Ecuador’s endangered sea lions at risk from human contact
A recent study conducted by the Zoological Society of London (ZSL) on endangered Galapagos sea lions (Zalophus wollebaeki) has revealed that the animals are more susceptible to starvation as a result of their exposure to humans. Over a span of more than 18 months, conservationists tagged and monitored the behavior and physiology of two groups of 60 Galapagos sea lions, one in San Cristobal, which is inhabited by humans, and one in Santa Fe, where there are no humans, dogs, cats, mice, or rats.
The study has shown that exposure to human influences such as pets and pollution can impair the animal’s level of immunity, making them less able to hunt and more likely to go hungry when food is scarce. In this popular luxury tourist destination for animal lovers, made famous by Charles Darwin, the effects of increasing contact with humans may be taking their toll on the species.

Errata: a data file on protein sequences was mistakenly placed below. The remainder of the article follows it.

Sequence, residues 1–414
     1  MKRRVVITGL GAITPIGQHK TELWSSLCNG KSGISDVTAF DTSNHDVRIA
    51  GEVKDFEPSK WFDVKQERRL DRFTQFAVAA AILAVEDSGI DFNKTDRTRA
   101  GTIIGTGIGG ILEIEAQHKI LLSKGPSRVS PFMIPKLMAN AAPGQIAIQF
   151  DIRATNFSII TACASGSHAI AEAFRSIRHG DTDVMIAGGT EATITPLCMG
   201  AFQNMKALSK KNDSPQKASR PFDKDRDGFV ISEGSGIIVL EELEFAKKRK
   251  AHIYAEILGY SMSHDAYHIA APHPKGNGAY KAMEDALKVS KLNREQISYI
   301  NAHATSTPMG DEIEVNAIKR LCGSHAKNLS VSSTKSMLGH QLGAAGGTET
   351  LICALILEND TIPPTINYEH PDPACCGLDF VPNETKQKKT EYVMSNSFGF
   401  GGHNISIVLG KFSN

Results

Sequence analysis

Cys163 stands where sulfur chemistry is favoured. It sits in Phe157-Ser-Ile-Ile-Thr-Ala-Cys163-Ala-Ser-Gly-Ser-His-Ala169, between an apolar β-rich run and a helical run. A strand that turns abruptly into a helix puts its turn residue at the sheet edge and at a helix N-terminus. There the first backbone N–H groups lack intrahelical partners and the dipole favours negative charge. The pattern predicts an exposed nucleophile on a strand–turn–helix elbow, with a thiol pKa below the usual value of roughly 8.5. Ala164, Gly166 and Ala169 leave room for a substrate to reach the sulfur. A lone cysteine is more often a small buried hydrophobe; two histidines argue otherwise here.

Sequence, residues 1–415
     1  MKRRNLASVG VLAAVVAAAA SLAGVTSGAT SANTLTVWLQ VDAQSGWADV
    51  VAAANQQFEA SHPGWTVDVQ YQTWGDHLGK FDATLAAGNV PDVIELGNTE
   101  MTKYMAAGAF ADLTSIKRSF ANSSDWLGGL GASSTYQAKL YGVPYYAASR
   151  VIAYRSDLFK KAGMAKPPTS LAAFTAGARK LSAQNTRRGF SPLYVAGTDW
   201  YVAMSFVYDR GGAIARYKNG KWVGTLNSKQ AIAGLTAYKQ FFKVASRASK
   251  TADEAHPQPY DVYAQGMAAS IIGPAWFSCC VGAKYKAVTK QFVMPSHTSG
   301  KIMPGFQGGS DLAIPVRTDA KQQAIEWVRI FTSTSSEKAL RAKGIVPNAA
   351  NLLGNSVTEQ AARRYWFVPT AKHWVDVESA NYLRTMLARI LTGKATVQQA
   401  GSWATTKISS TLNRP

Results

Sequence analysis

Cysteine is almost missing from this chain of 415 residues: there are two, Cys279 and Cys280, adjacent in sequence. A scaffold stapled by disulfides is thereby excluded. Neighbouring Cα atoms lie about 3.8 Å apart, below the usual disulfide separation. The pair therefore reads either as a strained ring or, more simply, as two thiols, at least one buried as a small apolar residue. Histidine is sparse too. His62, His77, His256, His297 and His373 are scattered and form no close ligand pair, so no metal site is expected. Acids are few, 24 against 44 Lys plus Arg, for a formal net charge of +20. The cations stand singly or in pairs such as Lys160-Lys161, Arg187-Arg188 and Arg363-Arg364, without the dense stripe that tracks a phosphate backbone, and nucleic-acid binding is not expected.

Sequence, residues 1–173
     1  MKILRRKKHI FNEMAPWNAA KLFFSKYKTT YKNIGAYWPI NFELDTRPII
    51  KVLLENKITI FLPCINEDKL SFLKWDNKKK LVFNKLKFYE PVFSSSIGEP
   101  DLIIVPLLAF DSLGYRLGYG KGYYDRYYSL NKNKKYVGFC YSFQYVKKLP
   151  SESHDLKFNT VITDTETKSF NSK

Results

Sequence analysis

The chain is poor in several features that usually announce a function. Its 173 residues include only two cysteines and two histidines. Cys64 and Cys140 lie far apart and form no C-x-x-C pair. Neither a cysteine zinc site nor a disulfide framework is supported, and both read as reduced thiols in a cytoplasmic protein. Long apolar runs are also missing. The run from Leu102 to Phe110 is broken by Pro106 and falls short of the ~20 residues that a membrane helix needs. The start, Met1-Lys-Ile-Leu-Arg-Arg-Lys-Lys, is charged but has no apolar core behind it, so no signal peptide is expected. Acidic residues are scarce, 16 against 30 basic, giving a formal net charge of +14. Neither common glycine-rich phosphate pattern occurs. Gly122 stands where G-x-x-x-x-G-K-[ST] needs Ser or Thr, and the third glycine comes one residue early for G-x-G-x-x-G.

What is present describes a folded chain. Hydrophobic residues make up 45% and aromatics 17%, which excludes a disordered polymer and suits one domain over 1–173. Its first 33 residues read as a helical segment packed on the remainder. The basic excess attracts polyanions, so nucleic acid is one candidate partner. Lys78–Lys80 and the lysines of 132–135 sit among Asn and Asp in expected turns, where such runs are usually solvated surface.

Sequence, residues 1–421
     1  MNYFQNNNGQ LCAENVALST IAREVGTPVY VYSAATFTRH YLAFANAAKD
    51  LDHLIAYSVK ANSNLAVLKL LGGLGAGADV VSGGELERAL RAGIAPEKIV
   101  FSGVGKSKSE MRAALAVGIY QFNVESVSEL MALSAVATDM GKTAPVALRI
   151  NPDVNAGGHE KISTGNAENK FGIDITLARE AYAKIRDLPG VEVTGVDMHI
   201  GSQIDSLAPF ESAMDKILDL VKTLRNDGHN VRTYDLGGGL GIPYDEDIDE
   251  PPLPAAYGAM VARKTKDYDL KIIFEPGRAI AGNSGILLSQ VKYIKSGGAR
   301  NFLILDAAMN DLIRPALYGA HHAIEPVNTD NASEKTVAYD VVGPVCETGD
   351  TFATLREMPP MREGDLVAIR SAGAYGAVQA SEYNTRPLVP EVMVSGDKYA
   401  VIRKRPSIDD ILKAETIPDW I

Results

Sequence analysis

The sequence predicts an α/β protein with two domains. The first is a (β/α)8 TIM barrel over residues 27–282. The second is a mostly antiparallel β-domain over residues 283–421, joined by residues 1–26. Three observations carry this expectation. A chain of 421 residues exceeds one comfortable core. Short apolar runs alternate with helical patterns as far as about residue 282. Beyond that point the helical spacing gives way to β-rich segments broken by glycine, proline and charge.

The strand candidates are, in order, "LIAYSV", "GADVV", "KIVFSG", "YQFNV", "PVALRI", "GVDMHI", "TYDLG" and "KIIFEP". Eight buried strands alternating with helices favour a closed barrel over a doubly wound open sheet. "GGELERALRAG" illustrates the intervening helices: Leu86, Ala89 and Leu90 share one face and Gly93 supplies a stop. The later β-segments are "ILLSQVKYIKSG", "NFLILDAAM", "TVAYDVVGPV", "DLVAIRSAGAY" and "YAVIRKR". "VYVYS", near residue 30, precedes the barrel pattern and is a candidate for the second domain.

“A tell-tale sign of an unhealthy sea lion is a thinner than normal layer of blubber, which is what we saw in the sea lions on San Cristobal. This was all the more notable, as we didn’t notice these patterns in sea lions on Santa Fe, where they live without the presence of people or pets.”
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